Wild Recipes

Senegalese Goose Leg Ndambe

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Ndambe (pronounced NAM-bey) is a type of bean stew found in the country of Senegal, in west Africa. The spicy stew, most often made with black-eyed peas, gets spread onto baguettes along with mayo and hot sauce and is served as street food in Dakar and other Senegalese city-centers. The sandwich goes by the same name as the stew and makes for a filling and delicious breakfast, lunch, or dinner, though it’s most often eaten for breakfast.

Every vendor has his or her own recipe for the spicy red stew, some with sweet potato, some without, some vegetarian, some with chunks of beef. I made mine with an often-overlooked cut of meat: goose legs. The legs from Canada geese tend to be relatively tough, so they need a long cooking time. Alternatively, you could make this with duck legs, venison, or wild pig.

Dried black-eyed peas only take an hour or two to soak, but if you’re really running short on time, feel free to use the canned version, just reduce the final cooking time by half. The chili mayonnaise that goes on this sandwich is super addictive and could be spread on pretty much anything with tantalizing results. If you don’t have the right ingredients for it though, feel free to stir some hot sauce into mayonnaise and use that instead.

African red palm oil can be purchased at any Afro-Caribbean grocery store.

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Senegalese Goose Leg Ndambe

Recipe by Adam Berkelmans
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Course: Wild Recipes


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  • For the Sandwich
  • 1 cup dried black-eyed peas

  • 1 tbsp duck/goose fat or vegetable oil

  • 1 goose leg

  • 2 onions

  • 1/2 tsp kosher salt

  • 2 bay leaves

  • 4 cups water or game stock

  • 1 tablespoon African red palm oil or vegetable oil

  • ½ red bell pepper, minced

  • 2 garlic cloves, minced

  • 1 tablespoon tomato paste

  • 2 teaspoons smoked paprika

  • ½ teaspoon black pepper

  • 1 tablespoon white vinegar

  • 2 soft baguettes

  • For the Chili Mayo
  • 1 tablespoon palm oil or vegetable oil

  • 1 shallot, finely minced

  • 1 clove garlic, finely minced

  • 1 Scotch bonnet, seeded and finely minced

  • 1 tablespoon tomato paste

  • 1 small tomato, chopped

  • Pinch of kosher salt

  • 3 tablespoons real mayonnaise


  • FOR THE FILLING: Soak the black-eyed peas for 1 hour and up to 2 hours. Drain and discard the liquid.
  • Heat up the fat in a Dutch oven or large pot over MEDIUM-HIGH and sear the goose leg on both sides until browned. Remove from pot.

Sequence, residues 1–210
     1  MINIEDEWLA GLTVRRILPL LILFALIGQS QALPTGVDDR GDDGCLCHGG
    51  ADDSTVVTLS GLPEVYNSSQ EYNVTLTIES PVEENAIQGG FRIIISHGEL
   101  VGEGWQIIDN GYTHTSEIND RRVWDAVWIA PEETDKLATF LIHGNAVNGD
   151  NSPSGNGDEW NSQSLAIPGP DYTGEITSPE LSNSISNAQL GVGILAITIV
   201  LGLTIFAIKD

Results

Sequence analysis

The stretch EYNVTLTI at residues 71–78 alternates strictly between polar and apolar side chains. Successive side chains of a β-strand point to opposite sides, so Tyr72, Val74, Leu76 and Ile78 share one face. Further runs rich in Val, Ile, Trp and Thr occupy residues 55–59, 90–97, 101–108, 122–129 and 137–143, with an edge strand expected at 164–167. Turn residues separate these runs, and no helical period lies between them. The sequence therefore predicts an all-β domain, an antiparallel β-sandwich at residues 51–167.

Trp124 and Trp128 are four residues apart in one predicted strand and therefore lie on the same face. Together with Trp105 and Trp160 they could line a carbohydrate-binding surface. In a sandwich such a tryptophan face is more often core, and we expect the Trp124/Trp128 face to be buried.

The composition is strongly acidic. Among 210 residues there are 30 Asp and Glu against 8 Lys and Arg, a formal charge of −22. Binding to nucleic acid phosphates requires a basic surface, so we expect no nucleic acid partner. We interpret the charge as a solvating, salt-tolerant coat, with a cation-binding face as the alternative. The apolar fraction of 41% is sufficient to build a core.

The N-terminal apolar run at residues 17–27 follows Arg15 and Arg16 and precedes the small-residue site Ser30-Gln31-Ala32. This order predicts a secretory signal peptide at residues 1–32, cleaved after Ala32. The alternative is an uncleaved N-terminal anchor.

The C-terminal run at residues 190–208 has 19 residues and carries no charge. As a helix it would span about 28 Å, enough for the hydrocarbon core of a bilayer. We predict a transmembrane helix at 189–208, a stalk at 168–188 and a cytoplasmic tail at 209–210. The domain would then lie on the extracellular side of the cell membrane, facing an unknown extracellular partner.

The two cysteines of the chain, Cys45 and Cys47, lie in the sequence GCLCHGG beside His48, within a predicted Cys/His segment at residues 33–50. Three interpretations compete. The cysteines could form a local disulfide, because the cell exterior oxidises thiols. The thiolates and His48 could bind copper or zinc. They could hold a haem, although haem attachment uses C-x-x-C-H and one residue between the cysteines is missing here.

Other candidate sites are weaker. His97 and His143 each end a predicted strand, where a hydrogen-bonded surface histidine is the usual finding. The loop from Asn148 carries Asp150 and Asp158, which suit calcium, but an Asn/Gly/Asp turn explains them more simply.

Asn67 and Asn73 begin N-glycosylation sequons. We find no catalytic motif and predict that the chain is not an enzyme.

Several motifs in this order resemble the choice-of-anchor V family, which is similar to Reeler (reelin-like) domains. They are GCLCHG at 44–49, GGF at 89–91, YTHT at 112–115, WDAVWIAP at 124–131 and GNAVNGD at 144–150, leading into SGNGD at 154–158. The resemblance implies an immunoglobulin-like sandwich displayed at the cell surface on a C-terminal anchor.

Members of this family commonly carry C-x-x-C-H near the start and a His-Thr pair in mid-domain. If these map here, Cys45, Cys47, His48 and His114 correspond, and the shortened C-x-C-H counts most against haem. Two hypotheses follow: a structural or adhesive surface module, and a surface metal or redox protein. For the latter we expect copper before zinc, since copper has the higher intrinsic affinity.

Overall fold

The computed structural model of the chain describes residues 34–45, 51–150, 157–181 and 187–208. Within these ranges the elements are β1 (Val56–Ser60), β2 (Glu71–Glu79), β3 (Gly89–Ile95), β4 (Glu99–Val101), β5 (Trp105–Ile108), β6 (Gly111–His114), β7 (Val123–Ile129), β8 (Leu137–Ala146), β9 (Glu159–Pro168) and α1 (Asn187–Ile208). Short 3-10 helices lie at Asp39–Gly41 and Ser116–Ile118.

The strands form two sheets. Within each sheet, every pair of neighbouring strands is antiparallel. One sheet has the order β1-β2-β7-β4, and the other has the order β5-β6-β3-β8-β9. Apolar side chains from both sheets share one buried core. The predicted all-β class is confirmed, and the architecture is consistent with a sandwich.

• Chop the onions, setting aside half of one onion. Add the rest of the onions to the pot and sauté for about 5 minutes or until they begin to develop some color.
  • Sprinkle with the salt, and add the bay leaves, soaked beans and the goose leg back into the pot. Add 4 cups of water or stock and stir everything together. Bring to a boil, then reduce down to a low simmer.
  • Simmer for 1 hour, or until the beans are nice and tender.
  • While the beans are cooking, heat up the palm oil in a separate skillet over MEDIUM heat.
  • Add the remaining onion and red bell pepper and cook for 2 minutes. Add the garlic and tomato paste and cook until the tomato paste begins to caramelize, about 3 more minutes. Add the paprika, pepper, and vinegar, stirring it all together. Take off the heat, and set aside for the time being.
  • After an hour, fish out the goose leg, discard the skin and bones, chop the meat into small pieces and add it back to the pot. Fish out the bay leaves and discard. Add the contents of the skillet to the pot of beans.
  • Stir everything together then give it a taste. Add more salt if necessary. Keep cooking on LOW heat until the majority of the liquid has evaporated; you want the consistency to be relatively dry so it doesn’t soak through the bread.
  • FOR THE CHILI-MAYO: Using the same skillet as before, heat the palm oil over MEDIUM-LOW heat.
  • Add the shallots, garlic, and chilies and cook for 5 minutes. Add the chopped tomato, tomato paste, and salt, and cook for another 5 minutes. Take off heat and let cool.
  • Once cool, mix together with the mayo in a small bowl.
  • PUTTING IT TOGETHER: Warm up the baguettes, then split them open. Slather the chili-mayo onto one side, then scoop on a generous amount of bean filling onto the bread. Close the baguettes, then cut them in half. Serve half a baguette per person.
  • Serve with a simple salad of tomatoes, red onions, and/or avocado dressed in lime juice

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Adam Berkelmans

Adam Berkelmans, also known as The Intrepid Eater, is a passionate ambassador for real food and a proponent of nose to tail eating. He spends his time between Ottawa and a cozy lake house north of Kingston, Ontario. When not cooking, he can be found hunting, fishing, foraging, gardening, reading, traveling, and discovering new ways to find and eat food.

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